Bowling is for everyone: disgraced presidents, moonshine-deranged oil magnates, bachelorettes, every blue-collar sitcom dad, your dad, the list goes on. But not every bowling alley is for everyone. The alleys in the five boroughs offer a wide selection that will fit any mood, aesthetic, and tolerance for glitz and grime.
In New York City, you’ll find three distinct alley types: Entertainment Center, Bar With Bowling, and Traditional Alley, all beautiful in their own ways. This guide breaks down where to go to clock your first 300.
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A trip to Times Square thrusts New Yorkers into the depths of ennui. Who are these people? Where have they come from? What do they want from that off-brand Elmo? Or, what does he want from them? But if you’re going to bowl in Manhattan, the area is unavoidable -- the borough’s three major bowling alleys are within a five-avenue confine. And they’re all Entertainment Centers, to varying degrees of success.
624-660 West 42nd Street Located on the West Side Highway, Lucky Strike attempts something no other bowling alley in NYC does: make bowling sexy. With the tagline “bowling optional,” dim lighting, plush couches, and cocktail lounge aesthetics, Lucky Strike positions itself as a cool date spot. Bowling as a social lubricant rings false, but Lucky Strike makes a commendable effort -- the place is equally suited to mingling over billiards, ping-pong, and other games around the 26 lanes. Most of the alleys in Manhattan, much like many of the larger bars, seem built to host corporate functions; if you wind up at one at Lucky Strike, you could do worse.
Quick stats Budweiser: No Bud. $3 Coors Light at happy hour (Monday-Friday, 3-7pm) Music: Saccharine Paul McCartney covers followed by a DJ spinning ’80s and ’90s tunes Score Screen Animations and Visuals: expensive screens, slick visuals Crowd: Try-hard dates; sedate young professional holiday parties. Bowling Alley Carpet Pattern Rating: N/A
550 Ninth Avenue “Bowling alley inside of Port Authority” sounds like the setting for a joke or a crime scene (or both!), but Frames is a fine place for a game of tenpins. The money and effort they invested to elevate the place to Entertainment Center level is evident; there’s an attached bar with billiards, a ping-pong area, and a karaoke bar. On a recent visit, the 28 lanes were all packed with parties, each table topped with dwindling beer towers and each lane brimming with enthusiastic bowlers. Finally, a reason to look forward to visiting the Port Authority on purpose.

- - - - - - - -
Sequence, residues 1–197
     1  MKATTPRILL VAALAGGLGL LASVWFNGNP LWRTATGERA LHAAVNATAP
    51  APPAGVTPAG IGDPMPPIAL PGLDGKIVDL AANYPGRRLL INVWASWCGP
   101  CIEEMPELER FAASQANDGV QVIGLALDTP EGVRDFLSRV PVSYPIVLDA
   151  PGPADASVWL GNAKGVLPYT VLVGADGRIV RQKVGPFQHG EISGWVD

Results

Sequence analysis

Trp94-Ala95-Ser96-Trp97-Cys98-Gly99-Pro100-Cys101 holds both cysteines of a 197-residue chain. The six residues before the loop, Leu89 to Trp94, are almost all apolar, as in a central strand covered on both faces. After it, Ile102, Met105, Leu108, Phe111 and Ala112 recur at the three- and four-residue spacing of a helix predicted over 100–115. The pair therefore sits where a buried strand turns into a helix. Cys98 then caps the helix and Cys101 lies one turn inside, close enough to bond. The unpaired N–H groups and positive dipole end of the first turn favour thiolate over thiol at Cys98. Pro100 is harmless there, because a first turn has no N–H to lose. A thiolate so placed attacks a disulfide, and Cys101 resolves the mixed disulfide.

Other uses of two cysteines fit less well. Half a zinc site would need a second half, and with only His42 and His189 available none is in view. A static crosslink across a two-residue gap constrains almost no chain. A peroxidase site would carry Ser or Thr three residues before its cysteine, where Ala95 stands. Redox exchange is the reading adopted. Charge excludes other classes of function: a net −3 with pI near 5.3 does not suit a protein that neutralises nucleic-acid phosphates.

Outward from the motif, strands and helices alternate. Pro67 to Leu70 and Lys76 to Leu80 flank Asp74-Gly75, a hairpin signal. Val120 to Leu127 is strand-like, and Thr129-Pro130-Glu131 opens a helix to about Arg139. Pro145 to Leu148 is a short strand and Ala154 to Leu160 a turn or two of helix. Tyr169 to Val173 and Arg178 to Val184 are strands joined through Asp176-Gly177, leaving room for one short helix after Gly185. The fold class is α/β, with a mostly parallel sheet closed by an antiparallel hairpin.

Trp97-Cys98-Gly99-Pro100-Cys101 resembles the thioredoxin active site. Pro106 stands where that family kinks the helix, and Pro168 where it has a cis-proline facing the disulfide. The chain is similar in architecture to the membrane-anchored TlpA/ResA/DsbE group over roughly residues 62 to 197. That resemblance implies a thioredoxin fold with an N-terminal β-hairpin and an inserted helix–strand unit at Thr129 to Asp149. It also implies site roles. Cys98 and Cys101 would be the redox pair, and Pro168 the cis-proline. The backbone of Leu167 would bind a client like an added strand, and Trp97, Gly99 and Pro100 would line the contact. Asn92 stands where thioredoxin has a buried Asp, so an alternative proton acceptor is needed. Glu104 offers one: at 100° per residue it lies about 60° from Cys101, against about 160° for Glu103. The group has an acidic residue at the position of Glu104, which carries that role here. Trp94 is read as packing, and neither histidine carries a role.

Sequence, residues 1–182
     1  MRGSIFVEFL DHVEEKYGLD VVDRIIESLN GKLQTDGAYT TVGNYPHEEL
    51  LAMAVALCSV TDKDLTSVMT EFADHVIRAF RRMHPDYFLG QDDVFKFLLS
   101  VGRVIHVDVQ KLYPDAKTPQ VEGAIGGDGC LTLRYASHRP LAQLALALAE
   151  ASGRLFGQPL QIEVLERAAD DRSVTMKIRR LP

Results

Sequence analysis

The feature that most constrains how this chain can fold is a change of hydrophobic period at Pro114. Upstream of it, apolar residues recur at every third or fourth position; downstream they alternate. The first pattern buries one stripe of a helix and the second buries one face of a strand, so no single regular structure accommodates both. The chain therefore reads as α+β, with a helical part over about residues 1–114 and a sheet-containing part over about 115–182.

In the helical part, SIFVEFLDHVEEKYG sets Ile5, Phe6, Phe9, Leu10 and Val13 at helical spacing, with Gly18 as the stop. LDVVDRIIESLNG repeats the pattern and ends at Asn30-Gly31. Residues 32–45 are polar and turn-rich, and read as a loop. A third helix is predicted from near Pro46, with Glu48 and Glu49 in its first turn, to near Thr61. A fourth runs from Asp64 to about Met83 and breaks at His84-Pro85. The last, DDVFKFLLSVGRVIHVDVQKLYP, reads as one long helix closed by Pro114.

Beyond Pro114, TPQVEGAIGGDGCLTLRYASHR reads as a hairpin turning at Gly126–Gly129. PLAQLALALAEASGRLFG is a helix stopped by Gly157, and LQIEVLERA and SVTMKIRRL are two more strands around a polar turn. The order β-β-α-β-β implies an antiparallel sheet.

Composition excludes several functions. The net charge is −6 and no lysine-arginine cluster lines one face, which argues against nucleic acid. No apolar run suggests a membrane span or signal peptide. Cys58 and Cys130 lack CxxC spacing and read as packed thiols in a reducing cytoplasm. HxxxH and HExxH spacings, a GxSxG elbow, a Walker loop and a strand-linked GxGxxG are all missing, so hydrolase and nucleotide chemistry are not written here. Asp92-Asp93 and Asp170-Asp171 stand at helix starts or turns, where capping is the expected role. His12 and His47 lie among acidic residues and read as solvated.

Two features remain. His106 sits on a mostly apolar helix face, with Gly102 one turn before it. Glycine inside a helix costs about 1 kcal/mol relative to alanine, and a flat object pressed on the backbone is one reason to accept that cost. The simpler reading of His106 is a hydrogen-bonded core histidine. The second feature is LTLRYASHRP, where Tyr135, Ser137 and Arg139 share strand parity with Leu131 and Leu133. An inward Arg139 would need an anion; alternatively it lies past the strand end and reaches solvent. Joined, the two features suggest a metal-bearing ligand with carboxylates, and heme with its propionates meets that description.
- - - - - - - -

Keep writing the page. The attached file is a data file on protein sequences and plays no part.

Quick stats Budweiser: $7 Music: Top 40 Score Screen Animations and Visuals: Slick and modern Crowd: Corporate parties one hour of open bar away from going completely off the rails Bowling Alley Carpet Pattern Rating: N/A
222 West 44th Street If you’re going to an Entertainment Center bowling alley, go all in. Ominously located beside now-shuttered Guy’s American Kitchen & Bar, Bowlmor boasts six alleys spread across two floors, each fashioned in a New York theme: Central Park, Coney Island, Chinatown, Times Square (so meta), Art Deco, Prohibition, and, curiously, Pop Art. The spaces are kitschy but well-executed and together comprise 48 lanes. The complex also features two bars, an arcade, billiards and classic lane-side snacks like nachos, French fries, and chicken wings. Once you knock the I’m in Times Square chip off your shoulder, this is where you’ll have the best time bowling in Manhattan.
Quick stats Budweiser: $8.71 Music: Loud Score Screen Animations and Visuals: Varies by alley Crowd: JP Morgan’s holiday party Bowling Alley Carpet Pattern Rating: 2/10 (located in the arcade area)
Brooklyn is a vast and varied borough, and its bowling alleys reflect its multiplicity. Alleys of every type abound, offering something for everyone; alleys for family parties; alleys for double dates; alleys for mandatory after-work bonding sessions; alleys for all.
200 North 14th Street Gutter Bar represents the best of a new generation of Bars With Bowling. Its eight lanes glow under dim lights, vintage beer ads line the walls, long tables and booths accommodate large and small parties, and a well-appointed bar is fixed to turn out any cocktail. They don’t accept reservations, so wait times can be hours long on Saturday nights. Fortunately, Gutter Bar is a great place to loiter over a few beers with friends, shoot some pool, and snap up a lane when one finally clears out.
Quick stats Budweiser: No Bud. $6 Narragansett (or $21 pitchers) Music: New and classic rock Score Screen Animations and Visuals: N/A Crowd: Williamsburg, but grown-up Bowling Alley Carpet Pattern Rating: N/A
1 Bouck Court Just off the Avenue X/McDonald Avenue F-line stop in Gravesend, Shell Lanes is a barebones Traditional Alley that’s great for families and neighborhood folks alike. It’s one of just a couple of alleys serving the outer areas of the borough and truly worth a visit if you want to see authentic Brooklyn, not gussied up with Edison lightbulbs and reclaimed wood. Naturally, the place has seen better days and could use some freshening up, but it gets the job done.
Quick stats Budweiser: $3.75 Music: Top 40 Score Screen Animations and Visuals: ’90s home movie graphics Crowd: Locals Bonus: Within walking distance of L&B Spumoni Gardens Bowling Alley Carpet Pattern Rating: 5/10